National Audit of Care at the End of Life 2021/2022. Third round of the audit report

Many Pallaborative members will already have accessed this report which was published in mid-July.

this is the third round of audit results which took place in 2021 with data collected between June and October 2021. The report compares results to round two which took place in 2019.

The report found that the possibility of imminent death (that the patient may die within the next few hours/days) was recognized in 87% of cases audited, compared to 88% in 2019. The median time from recognition of dying to death was recorded as 44 hours (41 hours in 2019). Other key findings include:

  • Results on all key metrics regarding the recording of conversations with the dying person remain similar to 2019, pre-pandemic levels
  • However, from the Quality Survey, the proportion of respondents strongly disagreeing or disagreeing with the statement ‘staff communicated sensitively with the dying person’ increased from 7% (2019) to 11% (2021)
  • There was an improvement in access to specialist palliative care – in particular, face-to-face access 8 hours a day, 7 days a week was available in 60% of hospitals/sites, compared to 36% in 2019.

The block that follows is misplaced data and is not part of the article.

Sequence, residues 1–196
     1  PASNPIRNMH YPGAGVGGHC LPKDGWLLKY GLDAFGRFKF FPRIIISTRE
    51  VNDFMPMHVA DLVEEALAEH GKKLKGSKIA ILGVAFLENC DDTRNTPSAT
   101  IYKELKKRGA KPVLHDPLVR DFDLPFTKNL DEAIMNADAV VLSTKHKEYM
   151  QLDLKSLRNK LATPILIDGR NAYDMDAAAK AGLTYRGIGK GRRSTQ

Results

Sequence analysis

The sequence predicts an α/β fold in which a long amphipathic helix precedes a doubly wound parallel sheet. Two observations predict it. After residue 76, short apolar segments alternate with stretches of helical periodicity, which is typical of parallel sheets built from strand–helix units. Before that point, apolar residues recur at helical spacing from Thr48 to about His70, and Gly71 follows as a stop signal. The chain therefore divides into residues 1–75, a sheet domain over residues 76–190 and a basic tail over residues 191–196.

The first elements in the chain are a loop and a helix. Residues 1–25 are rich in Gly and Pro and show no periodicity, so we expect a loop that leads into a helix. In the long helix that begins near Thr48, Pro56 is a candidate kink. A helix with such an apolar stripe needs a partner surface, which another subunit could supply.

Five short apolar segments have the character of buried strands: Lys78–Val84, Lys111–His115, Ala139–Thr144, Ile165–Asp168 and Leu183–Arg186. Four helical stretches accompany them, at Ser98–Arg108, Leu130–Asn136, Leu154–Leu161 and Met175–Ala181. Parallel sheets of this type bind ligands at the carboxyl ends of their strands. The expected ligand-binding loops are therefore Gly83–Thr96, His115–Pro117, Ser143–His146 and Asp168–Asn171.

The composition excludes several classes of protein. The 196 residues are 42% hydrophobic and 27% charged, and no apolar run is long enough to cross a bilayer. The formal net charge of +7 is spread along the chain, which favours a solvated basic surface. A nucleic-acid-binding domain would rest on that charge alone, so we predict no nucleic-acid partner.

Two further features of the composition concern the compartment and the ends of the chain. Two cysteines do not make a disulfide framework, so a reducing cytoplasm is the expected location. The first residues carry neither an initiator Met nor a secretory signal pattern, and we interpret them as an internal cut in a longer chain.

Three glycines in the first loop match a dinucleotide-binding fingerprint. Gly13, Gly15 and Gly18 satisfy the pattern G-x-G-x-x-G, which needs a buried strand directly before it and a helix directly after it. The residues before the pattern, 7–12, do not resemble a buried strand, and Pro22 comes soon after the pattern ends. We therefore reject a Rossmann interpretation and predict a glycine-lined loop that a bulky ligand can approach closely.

The report also found that the Case Note Review showed similar results to 2019 regarding the existence of an individualized plan of care, namely 73% of cases compared to 71% in 2019, suggesting this is an ongoing area for improvement.

It goes on to make a number of recommendations, including calling for executive boards to ensure that people who are recognized to be dying have a clearly documented and accessible individual plan of care developed that is discussed with the dying person and those important to them, to ensure the person’s needs and wishes are known and taken into account.

If you haven’t yet had a chance to read the full report please do use the link below

Link to report

The infographic link takes you to a visual display of the key findings

Infographic lin

Please see the separate post relating to end-of-life care in mental health settings

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